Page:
The Argentine (Tango)
ice and roller
ice and roller
source: 1973 USAC/RS American Roller Skate Dancing Part II
Ice 2008 set pattern
MUSIC: Tango 4/4
TEMPO: 24 measures of 4 beats per minute; 96 beats per minute
PATTERN-TIMING: 1 = :35; 2 = 1:10; 3 = 1:45; 4 = 2:20
DURATION: Test 2 = 1:10
Solo 2 = 1:10
Comp 2 = 1:10
INVENTORS: Reginald J. Wilkie and Daphne B. Wallis
FIRST PERFORMED: Westminster Ice Rink, London, 1934
The Argentine Tango is a sinuous dance and should be skated with strong edges and considerable Šlan. Good flow and fast travel over the ice are essential and must be achieved without obvious effort or pushing.
The dance begins with the partners in open position for Steps 1 to 10. The initial progressive, chassŠ and progressive sequences of Steps 1 to 6 bring the partners on Step 7 to a bold LFO edge facing down the ice surface. On Step 8 the right feet of both partners are crossed over their left feet; Step 8 is only one beat long; it should not be longer. Step 9 is a long change of edge that starts with a cross behind and proceeds to a change of edge on count three as the free feet swing back past the skating feet to be in position to start the next step (also crossed behind). On Step 10 the man turns a counter while the lady executes another crossed change of edge. This results in the partners being in closed position as the lady directs her edge toward the man as he turns his counter, finishing his turn in closed position.
Step 11 is deeply curved towards the side of the ice surface. At the end of this step the lady momentarily steps onto a right forward inside edge before skating Step 12 which is deeply curved toward the longitudinal axis. The lobe formed by Steps 13 to 15 starts with a cross roll towards the longitudinal axis. The lady then turns a three toward the man; the man responds with a three turn toward the lady in rapid succession. These are deep edges which direct the lobe again towards the side of the ice surface.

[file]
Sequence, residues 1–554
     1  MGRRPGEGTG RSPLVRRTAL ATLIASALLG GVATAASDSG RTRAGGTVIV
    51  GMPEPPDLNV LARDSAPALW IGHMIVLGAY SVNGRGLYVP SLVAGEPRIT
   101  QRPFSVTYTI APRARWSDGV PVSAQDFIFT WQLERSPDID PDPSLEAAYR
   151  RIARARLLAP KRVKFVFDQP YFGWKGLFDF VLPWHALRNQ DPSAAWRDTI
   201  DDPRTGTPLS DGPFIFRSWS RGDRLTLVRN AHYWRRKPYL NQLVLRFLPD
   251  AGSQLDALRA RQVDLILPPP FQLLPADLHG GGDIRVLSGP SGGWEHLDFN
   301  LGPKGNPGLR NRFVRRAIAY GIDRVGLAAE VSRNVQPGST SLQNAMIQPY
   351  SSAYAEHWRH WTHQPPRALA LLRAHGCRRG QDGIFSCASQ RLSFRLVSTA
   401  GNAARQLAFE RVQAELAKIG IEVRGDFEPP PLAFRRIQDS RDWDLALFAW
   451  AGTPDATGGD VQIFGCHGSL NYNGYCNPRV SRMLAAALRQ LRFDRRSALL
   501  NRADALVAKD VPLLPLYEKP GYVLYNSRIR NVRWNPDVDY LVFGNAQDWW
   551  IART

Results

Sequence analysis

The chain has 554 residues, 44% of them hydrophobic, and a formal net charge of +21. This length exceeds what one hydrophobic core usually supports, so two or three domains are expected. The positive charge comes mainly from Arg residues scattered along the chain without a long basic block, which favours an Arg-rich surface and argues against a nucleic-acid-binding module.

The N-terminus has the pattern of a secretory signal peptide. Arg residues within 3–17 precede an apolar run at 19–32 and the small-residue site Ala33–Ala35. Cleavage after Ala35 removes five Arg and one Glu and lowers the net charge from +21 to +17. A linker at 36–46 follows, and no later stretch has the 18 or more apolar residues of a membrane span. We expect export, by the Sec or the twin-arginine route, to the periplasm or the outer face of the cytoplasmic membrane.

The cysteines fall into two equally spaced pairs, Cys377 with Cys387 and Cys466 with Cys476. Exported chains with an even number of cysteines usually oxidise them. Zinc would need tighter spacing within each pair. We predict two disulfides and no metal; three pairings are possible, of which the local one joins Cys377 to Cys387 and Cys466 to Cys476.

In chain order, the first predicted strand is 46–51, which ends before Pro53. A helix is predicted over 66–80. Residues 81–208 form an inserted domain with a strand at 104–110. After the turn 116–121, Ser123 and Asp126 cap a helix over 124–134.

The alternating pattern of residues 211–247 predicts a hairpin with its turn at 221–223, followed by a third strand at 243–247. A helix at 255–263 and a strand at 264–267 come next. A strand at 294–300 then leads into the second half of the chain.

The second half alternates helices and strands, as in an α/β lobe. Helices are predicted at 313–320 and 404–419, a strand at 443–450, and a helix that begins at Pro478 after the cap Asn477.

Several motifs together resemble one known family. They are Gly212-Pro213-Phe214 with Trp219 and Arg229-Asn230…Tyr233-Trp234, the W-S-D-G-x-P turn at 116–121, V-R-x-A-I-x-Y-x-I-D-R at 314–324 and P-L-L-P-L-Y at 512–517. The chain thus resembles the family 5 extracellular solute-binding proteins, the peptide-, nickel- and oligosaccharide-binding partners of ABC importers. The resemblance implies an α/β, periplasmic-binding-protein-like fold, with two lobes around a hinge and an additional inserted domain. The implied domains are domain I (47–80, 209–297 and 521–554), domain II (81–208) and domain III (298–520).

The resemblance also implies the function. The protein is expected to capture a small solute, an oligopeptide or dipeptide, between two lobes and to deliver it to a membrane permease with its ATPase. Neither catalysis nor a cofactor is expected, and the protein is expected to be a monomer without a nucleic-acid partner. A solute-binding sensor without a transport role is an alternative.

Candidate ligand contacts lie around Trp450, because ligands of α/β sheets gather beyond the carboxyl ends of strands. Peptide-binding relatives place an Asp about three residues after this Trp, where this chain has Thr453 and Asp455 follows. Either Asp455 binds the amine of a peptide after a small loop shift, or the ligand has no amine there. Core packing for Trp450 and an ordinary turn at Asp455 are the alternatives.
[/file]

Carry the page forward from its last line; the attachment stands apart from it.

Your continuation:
The man skates a two-beat edge while the lady skates a chassŠ. He then steps forward to place the couple in Kilian position. Steps 17 to 19 form a progressive sequence followed by a cross swing roll (Step 20) across the end. Another progressive sequence leads to Step 23. This step is a forward twizzle of one rotation for the lady and a swing open choctaw for the man turned between count four and count one of the next measure. During the twizzle the lady has her weight on the left foot but carries the right foot close beside it. Execution of Steps 21 to 23 requires the lady to skate hip to hip with the man, her tracing following his. The shoulders of both partners must be strongly rotated. After this move is completed, the couple moves into closed position.
Step 25 is a cross roll for the lady but an open stroke for the man. As the lady aims her three at the man, he steps forward into outside position with the lady on his right. Steps 27 to 31 are a series of five cross rolls directed down the ice surface. The first cross roll is held for two beats, while the next three are one beat each. The partners should skate the cross rolls lightly on well curved edges. The final step is a cross-rolled change of edge; at its conclusion the lady steps briefly onto a right forward inside edge between counts four and one which enables her to turn forward for the repeat of the dance.
This tango is danced to the rhythm of Latin American tango music where the musical count is 1-2-3-4-and-1, etc. This differs from the Spanish tango rhythm of 1-2-and-3-4-1, etc. The many varied step sequences in this dance are complementary to the dramatic and romantic character of the music. Dancers must at all times be aware of the rhythmic timing and reflect this in the execution of steps and in expressive interpretation of the music. Prolonged free leg extension, upright, graceful carriage and good unison are needed for this dance. Where appropriate, rotations must be fast but controlled. The partners should make maximum use of the interpretive elements of the dance, including the short steps, quick turns and serpentine movements.
1966 Edition VII RSROA Roller Dance
ca. 1942 From Perry B. Rawson's "Skate Dance Diagrams", pg. 8
No notes provided in the publication.